Weed Your Sisterhood
Last time we talked about creating a sisterhood of supportive women who will help you reach your life goals. These are YOUR people. They might look, sound and act differently than the friend groups you see on television ads for tampons or adult diapers (seriously, ad creators, can’t you think of another reason to show women together smiling and having fun?), and that’s okay. We know our people when we meet them, our heart recognizes them regardless of their outside appearance.
YOUR people are the ones who make you feel calm, safe and energized. Like together you can save the world, or at least your little corner of it. Is your sisterhood composed solely of people who make you feel this way? No? That’s what boundaries are for—to create a very clear space that invites YOUR people in and keeps others moving on to their own clear space. YOUR people are the ones who have earned the right to hear your story.
We all have people in our friend group that are perhaps leftover from a former version of ourselves. They are a little more judgmental or dramatic than feels comfortable, but we don’t cull them because we don’t want to make anyone mad. I’m going to say this in the most loving and respectful way—that’s a crappy way to run your life! Whether or not other people are mad at you is none of your business. If you are a kind, generous person who wants to make the world a more compassionate place, and your actions reflect that, how other people react has no bearing. YOUR people will react with kindness. If someone thinks you’ve done something underhanded or gets offended, then they don’t know you very well or trust you. You could invest a bunch of time and energy trying to convince them, OR you could just let them go find their own people.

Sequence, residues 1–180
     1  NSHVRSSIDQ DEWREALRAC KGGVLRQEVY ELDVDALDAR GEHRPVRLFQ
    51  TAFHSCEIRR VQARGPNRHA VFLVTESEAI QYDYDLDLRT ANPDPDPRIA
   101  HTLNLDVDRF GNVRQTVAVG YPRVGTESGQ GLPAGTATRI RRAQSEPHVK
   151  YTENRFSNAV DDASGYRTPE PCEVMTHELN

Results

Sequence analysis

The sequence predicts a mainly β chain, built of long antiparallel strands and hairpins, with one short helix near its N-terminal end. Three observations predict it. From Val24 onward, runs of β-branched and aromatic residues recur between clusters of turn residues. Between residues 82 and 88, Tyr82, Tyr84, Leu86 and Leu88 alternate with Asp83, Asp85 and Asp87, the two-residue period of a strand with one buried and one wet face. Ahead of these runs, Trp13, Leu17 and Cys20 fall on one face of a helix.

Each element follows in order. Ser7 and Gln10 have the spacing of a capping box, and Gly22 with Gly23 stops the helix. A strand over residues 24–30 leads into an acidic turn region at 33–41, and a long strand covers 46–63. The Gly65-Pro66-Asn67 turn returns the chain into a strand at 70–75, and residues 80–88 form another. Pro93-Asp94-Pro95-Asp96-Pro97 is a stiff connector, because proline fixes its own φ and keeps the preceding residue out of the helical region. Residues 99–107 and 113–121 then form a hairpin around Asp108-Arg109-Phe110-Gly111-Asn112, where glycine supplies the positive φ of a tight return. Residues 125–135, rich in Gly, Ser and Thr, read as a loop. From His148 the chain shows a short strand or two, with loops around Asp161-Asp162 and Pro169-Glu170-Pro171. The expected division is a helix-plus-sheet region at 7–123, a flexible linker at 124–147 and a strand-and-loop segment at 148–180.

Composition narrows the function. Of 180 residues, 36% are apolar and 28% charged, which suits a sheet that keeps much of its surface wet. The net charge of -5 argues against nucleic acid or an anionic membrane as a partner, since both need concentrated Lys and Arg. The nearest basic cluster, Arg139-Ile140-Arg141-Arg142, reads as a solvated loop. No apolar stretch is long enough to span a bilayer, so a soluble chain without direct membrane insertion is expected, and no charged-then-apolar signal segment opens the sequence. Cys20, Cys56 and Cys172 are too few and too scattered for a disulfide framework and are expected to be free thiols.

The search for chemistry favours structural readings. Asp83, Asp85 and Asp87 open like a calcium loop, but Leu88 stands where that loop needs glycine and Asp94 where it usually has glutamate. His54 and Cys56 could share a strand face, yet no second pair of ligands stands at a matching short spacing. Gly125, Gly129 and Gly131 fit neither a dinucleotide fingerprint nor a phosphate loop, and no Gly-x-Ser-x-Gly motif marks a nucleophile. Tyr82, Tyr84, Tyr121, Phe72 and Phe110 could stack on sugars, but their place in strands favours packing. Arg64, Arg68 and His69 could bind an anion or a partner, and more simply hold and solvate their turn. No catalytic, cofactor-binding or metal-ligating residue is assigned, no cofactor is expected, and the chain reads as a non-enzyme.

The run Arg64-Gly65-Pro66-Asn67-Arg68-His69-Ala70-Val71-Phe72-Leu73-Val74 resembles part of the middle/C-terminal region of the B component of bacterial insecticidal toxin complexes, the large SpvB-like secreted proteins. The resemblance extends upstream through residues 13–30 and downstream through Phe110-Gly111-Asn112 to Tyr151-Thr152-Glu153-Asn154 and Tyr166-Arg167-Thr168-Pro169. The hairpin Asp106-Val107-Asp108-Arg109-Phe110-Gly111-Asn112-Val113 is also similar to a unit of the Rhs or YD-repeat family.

The kindest, most direct way to weed your sisterhood garden is to not engage with those leftover friends who are no longer YOUR people. Let them go. You don’t need to actively do anything but be honest and direct with them. Refuse to engage in their drama. Use language that is clear, “I’m not sure why you’re upset. I didn’t do or say anything I thought was offensive. I think you misunderstood.” And then move on. Don’t play the blame/shame game, because no one wins. Stay true to the highest best version of yourself and keep only those friends who do the same.
This direct approach may lose some acquaintances, and you might be lonely for awhile. But that space allows YOUR people to find you. And acting like the highest and best version of yourself allows YOUR people to recognize you. Continue to tell the truth and be very good to yourself, and you will project a calm aura that will attract your true sisters—or just come to Girl Power Station and start a meaningful conversation with a new sisterhood! What traits will you weed out of your relationships? Drop me a line at firstname.lastname@example.org or write it on the Big Board at GPS.